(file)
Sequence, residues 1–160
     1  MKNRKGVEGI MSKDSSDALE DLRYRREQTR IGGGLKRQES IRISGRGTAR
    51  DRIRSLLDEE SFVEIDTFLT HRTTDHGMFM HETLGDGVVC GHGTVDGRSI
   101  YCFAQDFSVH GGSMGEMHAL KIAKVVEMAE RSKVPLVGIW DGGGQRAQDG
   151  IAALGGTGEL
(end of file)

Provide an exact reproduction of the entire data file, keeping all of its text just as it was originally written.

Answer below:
Sequence, residues 1–160
     1  MKNRKGVEGI MSKDSSDALE DLRYRREQTR IGGGLKRQES IRISGRGTAR
    51  DRIRSLLDEE SFVEIDTFLT HRTTDHGMFM HETLGDGVVC GHGTVDGRSI
   101  YCFAQDFSVH GGSMGEMHAL KIAKVVEMAE RSKVPLVGIW DGGGQRAQDG
   151  IAALGGTGEL